After a long hiatus away from this blog, I’ve decided to return– I’ve missed having a place to share my stories and photos with family and friends who live far away. So as a brief update, here’s a summary of what I’ve been up to since my last post in September 2010. I:
-graduated from Western Washington University with a B.S. in Environmental Science
-moved to Corvallis, OR to work for the Bureau of Land Management (BLM) doing watershed monitoring (stream mapping and habitat surveys)
-moved back to Bellingham for a winter at home
-and, finally, moved BACK down to Corvallis this May to work for the same BLM program for the 2012 field season.
So, now I write from ‘my room’ in the lovely house I get to stay at every few nights I’m actually in Corvallis– my friend’s family was kind enough to open their home to me last season, and again this season. They say I’m the perfect house guest, seldom around. This is because I’m fortunate to have a fantastic work schedule: eight days on, six days off. I find myself sleeping more nights in my tent than in my house throughout the season. I can’t complain, and I hope this pattern keeps up. I love the adventurous life I’m able to lead right now. Already this summer I’ve gone to Newport (on the Oregon Coast), to the tour Thompson’s Mill (in Shedd, where my grandpa grew up), on an overnight backpacking trip to Wahtum Lake (near Hood River), and just today got back from a long weekend climbing trip to Smith Rock State Park.
When I’m not out adventuring around the PNW, the program I work for sends me to watersheds that were chosen from a set of ‘randomly generated’ GPS points on public land throughout northern CA, OR, and WA. We usually survey six sites within a watershed, each site falling on a different reach of stream/creek. Within the reach we survey a variety of habitat characteristics such as: large woody debris distribution, substrate size, amphibian and invasive species presence, as well as collect a macroinvertebrate sample. We also map the channel morphology of the site. The data we collect is used to monitor watershed ‘health’ over time. It’s used to observe the effects of a variety of land uses and management practices. From what I hear it’s a very well respected program, and the data we collect is used by a variety of agencies for various documents influencing land management decisions. I’m so thankful to have found such a great program to work for– this type field work is exactly what I was hoping to do when I graduated from college. I’m looking forward to this seasont, and will hopefully get to spend another season surveying next year (we’ll see where my life leads).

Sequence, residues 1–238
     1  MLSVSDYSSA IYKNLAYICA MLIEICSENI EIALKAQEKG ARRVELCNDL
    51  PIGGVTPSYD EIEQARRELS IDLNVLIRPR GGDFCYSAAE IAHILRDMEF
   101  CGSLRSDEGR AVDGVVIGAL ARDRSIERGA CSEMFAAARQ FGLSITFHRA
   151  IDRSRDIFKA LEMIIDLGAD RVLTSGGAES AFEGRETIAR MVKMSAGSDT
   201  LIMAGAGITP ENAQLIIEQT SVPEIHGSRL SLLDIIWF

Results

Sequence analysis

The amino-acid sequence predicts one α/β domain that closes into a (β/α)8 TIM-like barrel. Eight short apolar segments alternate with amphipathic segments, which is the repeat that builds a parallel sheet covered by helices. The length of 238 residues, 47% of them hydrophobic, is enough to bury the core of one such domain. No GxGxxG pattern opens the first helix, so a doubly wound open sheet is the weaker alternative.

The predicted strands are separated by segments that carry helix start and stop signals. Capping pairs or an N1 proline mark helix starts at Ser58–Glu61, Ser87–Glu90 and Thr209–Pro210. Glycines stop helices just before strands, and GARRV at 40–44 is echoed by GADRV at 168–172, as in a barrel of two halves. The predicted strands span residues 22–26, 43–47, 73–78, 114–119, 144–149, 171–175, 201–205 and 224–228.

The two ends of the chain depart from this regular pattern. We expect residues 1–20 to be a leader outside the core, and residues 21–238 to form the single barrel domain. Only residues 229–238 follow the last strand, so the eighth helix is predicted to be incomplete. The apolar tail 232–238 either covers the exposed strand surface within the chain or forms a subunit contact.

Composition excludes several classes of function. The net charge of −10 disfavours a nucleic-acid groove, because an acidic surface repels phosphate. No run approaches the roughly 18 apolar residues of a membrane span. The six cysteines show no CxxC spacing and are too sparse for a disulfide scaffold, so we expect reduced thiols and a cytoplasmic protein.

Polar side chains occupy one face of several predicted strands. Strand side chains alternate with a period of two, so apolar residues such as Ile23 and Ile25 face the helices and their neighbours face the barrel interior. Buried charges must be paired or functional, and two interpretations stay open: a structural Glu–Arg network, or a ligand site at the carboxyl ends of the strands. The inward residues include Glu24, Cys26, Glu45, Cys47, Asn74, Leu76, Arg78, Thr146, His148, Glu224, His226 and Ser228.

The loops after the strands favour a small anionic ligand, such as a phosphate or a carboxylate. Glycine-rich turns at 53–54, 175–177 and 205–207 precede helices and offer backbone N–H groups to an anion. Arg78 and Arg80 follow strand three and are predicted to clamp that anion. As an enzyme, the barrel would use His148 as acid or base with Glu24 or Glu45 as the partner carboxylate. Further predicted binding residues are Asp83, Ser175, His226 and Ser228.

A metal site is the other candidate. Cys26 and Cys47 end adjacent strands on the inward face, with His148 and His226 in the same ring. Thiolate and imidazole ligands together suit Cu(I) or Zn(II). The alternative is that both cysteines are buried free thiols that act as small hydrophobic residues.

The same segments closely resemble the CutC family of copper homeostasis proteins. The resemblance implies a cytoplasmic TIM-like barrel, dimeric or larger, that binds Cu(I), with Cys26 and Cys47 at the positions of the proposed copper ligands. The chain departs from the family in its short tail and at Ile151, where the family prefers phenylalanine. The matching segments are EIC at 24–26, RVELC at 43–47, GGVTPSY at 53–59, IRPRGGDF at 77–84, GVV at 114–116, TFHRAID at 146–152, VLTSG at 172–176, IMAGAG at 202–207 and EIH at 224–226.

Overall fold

After two weeks spent learning (or refreshing on it for the returners) protocol in the office, and one week training in the field, we had our first stint at the beginning of June. My crew of four (one crew leader, two BLM employees, and one intern) was sent to a watershed near Cottage Grove, OR. It was a nice first stint. We had a bit of rain and a bit of sunshine, a high flow site and a bunch of lower flow tributaries–it was an all around beautiful watershed, a good place to spend a week.
On Wednesday I’ll head out for my second eight day stint. We’re headed down south to a watershed near Hayfork, CA to survey. It should be an excellent, beautiful, hot, and hopefully poison oak-free week!